True Gravity in Boston
Instructions to see Larger Type

They gave me the business at Mort’s Corner the next morning. “Why don’t you write about the human-interest stories in the Boston Marathon,” someone asked, “instead of a column that no one will understand, including yourself?”

 It was a good question, but it held its own answer. Because there are two Boston Marathons. One is the outer event. The Boston of the sportswriters. The World Series of distance runners, attracting athletes and characters from all over the world. The Patriots’ Day event filled with funny and odd and touching happenings all the way from Hopkinton to Boston.

The other Boston is an inner event. It concerns itself with what these thousands of runners are looking for. The search, whether they know it or not, for one’s “true gravity.” And that is already, as they say at Mort’s, something no one understands, including myself.

The first I had learned of “true gravity” was in a remarkable book I had read before leaving for Boston, Golf in the Kingdom, by Michael Murphy. Shivas Irons, the golf professional who takes Murphy on this extraordinary golf round, is a disciple of Pythagoras and says we must know the world form inside; that we can come to know the deeper structure of the universe only through our own body and senses and living experience.

With a shillelagh and some primitive golf balls Irons teaches Murphy to find his “inner body.” To forget his images of disaster, the hook, the ever present rough, the familiar curses and excuses. So that, in Murphy’s words, he “played the remaining holes in this state of grace,” and, as he put it, “those final holes played me.”

Somewhere past Wellesley, the halfway point, I suddenly found that Murphy had written something that had an equal application to running and especially to marathons.

This marathon had begun no different from other Bostons. As usual, the weather was bad. The bright Hopkinton sun told of midday heat farther on. The course would run long and slow today. Nine Bostons had made me a realist. And a realist in a hot Boston will wear light clothes, and a handkerchief to shield his scalp from the sun. He will drink everything handed to him and pour what’s left on his head. He will run well within himself for seventeen miles, take the hills as best he can and let it all hang out in Boston.

That’s the way it went. I started near the leaders and at least eight hundred passed me in the first ten miles. My pace however was just right for me and I had survived an anxious moment in Natick at the first Gatorade station, which was empty when I got there.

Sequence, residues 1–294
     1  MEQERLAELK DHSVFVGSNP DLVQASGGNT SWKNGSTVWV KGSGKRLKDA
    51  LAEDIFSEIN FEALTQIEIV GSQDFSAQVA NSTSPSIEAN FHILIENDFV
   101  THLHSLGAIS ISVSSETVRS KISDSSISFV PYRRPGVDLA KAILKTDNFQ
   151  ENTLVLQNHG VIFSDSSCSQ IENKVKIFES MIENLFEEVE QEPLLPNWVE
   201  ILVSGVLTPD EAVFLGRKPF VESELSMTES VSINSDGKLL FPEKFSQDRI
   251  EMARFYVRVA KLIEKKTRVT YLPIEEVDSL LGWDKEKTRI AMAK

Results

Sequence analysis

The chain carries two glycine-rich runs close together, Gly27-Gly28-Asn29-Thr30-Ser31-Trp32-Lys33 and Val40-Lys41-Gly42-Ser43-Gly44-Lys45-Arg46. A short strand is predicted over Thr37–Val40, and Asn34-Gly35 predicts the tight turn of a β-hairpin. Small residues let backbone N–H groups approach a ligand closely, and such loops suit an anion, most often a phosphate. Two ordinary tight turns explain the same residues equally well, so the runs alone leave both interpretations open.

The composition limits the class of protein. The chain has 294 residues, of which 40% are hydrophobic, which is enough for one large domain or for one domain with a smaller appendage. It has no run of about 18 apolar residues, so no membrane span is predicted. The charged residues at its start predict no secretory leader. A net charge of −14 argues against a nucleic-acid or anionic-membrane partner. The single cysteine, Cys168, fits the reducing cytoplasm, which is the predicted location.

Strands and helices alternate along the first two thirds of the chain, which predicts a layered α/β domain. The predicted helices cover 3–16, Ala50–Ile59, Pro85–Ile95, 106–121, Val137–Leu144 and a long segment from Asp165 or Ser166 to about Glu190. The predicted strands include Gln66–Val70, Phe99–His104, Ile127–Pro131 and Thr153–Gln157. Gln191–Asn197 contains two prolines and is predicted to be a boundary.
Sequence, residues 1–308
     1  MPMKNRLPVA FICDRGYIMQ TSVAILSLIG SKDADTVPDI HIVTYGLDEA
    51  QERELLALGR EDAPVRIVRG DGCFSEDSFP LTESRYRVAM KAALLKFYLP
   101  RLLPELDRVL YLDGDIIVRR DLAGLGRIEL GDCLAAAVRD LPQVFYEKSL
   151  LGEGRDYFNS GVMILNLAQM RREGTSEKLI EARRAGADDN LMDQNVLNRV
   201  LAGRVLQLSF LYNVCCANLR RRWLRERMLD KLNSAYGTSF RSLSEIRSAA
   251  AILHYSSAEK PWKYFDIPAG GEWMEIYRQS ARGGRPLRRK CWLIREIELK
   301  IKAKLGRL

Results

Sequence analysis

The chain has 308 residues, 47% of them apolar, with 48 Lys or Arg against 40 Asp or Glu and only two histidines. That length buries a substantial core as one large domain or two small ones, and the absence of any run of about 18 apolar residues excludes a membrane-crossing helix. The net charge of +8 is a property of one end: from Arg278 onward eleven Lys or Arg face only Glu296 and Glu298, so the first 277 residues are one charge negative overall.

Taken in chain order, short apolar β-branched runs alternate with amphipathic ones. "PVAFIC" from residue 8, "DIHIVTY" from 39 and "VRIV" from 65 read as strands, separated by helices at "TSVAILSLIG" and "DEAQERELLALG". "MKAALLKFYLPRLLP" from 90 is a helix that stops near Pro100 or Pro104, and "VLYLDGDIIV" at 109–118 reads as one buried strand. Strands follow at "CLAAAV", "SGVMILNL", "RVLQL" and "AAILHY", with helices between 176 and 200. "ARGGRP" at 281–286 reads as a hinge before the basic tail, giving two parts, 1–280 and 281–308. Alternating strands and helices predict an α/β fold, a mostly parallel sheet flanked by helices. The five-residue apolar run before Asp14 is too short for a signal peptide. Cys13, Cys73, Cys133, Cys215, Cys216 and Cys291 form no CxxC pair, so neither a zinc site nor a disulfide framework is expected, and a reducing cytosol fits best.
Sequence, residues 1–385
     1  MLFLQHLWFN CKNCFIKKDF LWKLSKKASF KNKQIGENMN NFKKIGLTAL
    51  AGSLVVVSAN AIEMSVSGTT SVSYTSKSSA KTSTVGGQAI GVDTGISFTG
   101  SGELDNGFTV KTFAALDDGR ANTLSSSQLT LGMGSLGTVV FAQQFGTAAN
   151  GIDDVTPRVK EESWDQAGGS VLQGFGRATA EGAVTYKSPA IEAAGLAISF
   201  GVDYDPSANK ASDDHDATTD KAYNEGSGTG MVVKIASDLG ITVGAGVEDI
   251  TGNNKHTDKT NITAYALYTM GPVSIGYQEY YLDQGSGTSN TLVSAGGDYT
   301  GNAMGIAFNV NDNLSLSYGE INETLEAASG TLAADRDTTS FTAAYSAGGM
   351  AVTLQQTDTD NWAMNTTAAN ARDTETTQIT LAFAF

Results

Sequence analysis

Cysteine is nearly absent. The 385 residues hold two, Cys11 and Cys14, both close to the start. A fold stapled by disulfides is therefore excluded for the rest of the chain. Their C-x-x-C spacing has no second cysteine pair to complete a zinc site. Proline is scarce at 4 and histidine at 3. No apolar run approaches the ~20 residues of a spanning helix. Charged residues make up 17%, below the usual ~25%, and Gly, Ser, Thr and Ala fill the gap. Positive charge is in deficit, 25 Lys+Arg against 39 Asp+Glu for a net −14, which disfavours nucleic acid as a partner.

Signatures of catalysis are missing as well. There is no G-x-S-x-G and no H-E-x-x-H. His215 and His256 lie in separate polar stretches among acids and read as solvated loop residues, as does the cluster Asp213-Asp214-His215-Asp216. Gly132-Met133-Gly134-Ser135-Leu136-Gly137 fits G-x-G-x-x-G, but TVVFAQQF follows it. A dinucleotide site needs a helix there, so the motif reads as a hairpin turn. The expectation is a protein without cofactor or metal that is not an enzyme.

For a hundred yards the street was filled with discarded Gatorade cartons. I noticed an upright one and picked it up. It had some gatorade left. So, stopping here and there and now and then, I left Natick almost fully revived.

By Wellesley, I knew it was going to be a good one. Not in time, perhaps. The three-hour marathon would have to wait another year. But it would be good for this heat.

And then it happened. After nine agonizing Bostons, nine Patriots’ Days of worrying about pace and time and even finishing, I finally found, if only for a few miles, what running was all about.

Now, people will tell you why they run. And the reasons will change from day to day, because it is like peeling an onion. They get down to deeper and deeper reasons but always failing to reach the essence of the running experience.

But now, heading out of Wellesley toward Lower Newton Falls and the beer drinkers at Mary’s Bar, I suddenly found what must be the essence of running. I was thinking then of Murphy’s golf game. I would, I said to myself, just concentrate on finding the perfect running form. I would find the pace at which I could run forever. Then let my inner body take over.

I ran then oblivious of the other runners. Only half-hearing a nine-year-old philosopher sitting on the curb who shouted, “Smile and it won’t hurt as much.” Still looking, of course, for every orange slice, every cup of water. Still touching the children’s outstretched hands. But in a world of my own where my running became me. I have on occasions in practice been lost in thought, oblivious of my surroundings but oblivious, too, of the running, so that I could not recall how I got to where I was. But this was entirely different. I was entirely occupied with this magic thing I was doing. I was one with what I was doing.

Past Boston College and through Brookline I went, full of running. The course, as Murphy had said, “was now running me.” Three blocks to go and the crowds were building up to the ten thousand waiting at the Pru Center. Two blocks to go and there my daughter and her college clasmates giving me a reception even Ted Williams would have acknowledged.

It was too much. The day. The run. And now this. Suddenly I had the handkerchief off my head and I was twirling it in the air. I ran laughing past those girls toward the finish line, still twirling the handkerchief like Zorba the Greek telling those wonderful affectionate Bostonians that in some way I had found what running and the Boston Marathon were all about.

Mort, I’ll have the coffee black and no chatter.